There are people who want to include CBD and food products as well, and we don't object to that, but we think that maybe taking on a bigger burden than we need to.Let's try to establish a regulatory pathway that brings CBD into the dietary supplement marketplace and give that a chance to work before we take on too much.

So, our mantra is let's look at a regulatory structure that preserves DSHEA, preserves all ofthe regulatory safeguards that are in place for dietary supplements and simply applies that.

NO: What are some lessons from FDA’s NAC decision that will inform how industry deals with FDA’s decision that NMN is not a dietary ingredient?

SM: I think the one lesson that the industry needs to take away from this is that we cannot deal with this problem on a piece meal basis.The drug preclusion issue is also at the heart of the CBD conversation as to whether or not CBD was precluded because of the drug companies work on Epidiolex.

Now we're seeing that we saw it with NAC.We're seeing it with NMN. We cannot thinkthat we're going to solve this by getting enforcement discretion one ingredient at a time, because any time FDA gives us enforcement discretion on one ingredient, then there's going to be the next one and the one after that.

So,we're really looking at how do you solve drug preclusion on a more global basis.That may mean, again, legislation, and maybe having Congress revise the statute to make it very clear what the balance is between pharmaceutical interest and supplement interest.

But for us, the NMN situation is just another indication of a much bigger problem, and we need to solve how FDA has weaponized this provision to protect drug interests at the exclusion of dietary supplements.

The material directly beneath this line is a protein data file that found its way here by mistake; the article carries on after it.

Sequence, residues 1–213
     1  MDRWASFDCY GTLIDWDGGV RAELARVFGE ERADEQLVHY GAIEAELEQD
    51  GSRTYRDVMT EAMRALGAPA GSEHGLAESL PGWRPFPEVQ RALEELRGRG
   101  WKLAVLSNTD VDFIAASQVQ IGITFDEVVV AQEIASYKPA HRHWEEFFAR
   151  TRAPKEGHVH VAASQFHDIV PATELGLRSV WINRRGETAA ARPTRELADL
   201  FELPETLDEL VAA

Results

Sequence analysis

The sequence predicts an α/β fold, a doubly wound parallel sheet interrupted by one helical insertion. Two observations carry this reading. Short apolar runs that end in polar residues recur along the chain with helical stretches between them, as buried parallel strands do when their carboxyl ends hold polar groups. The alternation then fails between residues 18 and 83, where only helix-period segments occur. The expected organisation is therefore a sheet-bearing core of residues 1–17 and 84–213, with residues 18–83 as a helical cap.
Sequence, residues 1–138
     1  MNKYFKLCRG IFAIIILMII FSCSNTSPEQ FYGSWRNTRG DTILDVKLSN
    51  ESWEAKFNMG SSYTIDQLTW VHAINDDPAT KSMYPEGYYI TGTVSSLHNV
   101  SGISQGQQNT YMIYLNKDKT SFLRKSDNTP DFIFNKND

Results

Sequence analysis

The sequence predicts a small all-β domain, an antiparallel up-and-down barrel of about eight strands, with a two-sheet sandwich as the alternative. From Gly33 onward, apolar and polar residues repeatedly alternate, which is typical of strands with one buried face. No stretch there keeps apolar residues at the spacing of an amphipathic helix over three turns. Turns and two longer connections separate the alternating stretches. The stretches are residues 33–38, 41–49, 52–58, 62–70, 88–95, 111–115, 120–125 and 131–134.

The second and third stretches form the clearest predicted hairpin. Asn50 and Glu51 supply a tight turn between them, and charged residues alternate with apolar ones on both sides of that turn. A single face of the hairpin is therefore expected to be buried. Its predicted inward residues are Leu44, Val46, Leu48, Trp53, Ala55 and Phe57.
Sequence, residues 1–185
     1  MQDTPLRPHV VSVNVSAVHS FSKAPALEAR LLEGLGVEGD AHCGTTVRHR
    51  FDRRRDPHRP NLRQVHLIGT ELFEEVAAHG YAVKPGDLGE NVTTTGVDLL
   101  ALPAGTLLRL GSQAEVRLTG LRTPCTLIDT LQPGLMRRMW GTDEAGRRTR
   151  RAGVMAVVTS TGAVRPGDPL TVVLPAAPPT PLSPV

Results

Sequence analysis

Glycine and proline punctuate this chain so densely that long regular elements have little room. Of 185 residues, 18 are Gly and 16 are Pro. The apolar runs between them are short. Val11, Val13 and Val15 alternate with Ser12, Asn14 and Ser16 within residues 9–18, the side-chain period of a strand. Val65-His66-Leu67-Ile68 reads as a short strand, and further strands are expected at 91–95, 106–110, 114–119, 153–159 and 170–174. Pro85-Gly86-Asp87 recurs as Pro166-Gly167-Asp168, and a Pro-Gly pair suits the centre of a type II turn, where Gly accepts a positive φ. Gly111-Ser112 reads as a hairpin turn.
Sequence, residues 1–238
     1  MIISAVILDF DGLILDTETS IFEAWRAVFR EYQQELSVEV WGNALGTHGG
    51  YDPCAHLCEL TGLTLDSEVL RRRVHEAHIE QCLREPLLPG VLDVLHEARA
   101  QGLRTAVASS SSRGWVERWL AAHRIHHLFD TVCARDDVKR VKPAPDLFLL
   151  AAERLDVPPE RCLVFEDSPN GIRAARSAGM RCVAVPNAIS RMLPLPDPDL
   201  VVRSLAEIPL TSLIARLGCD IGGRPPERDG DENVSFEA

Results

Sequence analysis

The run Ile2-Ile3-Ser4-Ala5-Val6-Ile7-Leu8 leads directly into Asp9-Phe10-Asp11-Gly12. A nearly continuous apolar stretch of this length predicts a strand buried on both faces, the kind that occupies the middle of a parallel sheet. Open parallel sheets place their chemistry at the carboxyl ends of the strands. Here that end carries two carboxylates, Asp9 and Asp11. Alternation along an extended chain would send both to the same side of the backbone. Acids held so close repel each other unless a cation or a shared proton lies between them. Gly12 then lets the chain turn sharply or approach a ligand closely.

NO: What does FDA get wrong about drug preclusion? What needs to change?

SM: Well, I think we would agree with the intent that Congress had back in 1994. There need to be some guardrails that do protect the considerable investment that drug companies make when they bring a new drug to market.

So, it's not that we want to completely undo drug preclusion. I think what we want to do is we want to right the balance.So, you know if a drug company looks at a molecule, they do some work and then it sits for 15 years and that molecule is never commercialized, it should come back into the supplement industry. If the drug company does a phase one clinical trial and then never does anything beyond that, that should not satisfy the requirement that there is substantial clinical investigations.

So again, we just need to kind of right the balance between the two interests. FDA is also saying that if an ingredient is marketed as a supplement, it has to be marketed in the US and it has to be marketed legally, meaning that if you didn't get an NDI when you started selling the ingredient, well, that wasn't legal marketing.

So the drug companies can take that article away from you. These are things that need to be rebalanced so that the supplement interest in protecting innovation is given some consideration in the deal and right now, it's out of whack. All the interest is on protecting the drugs.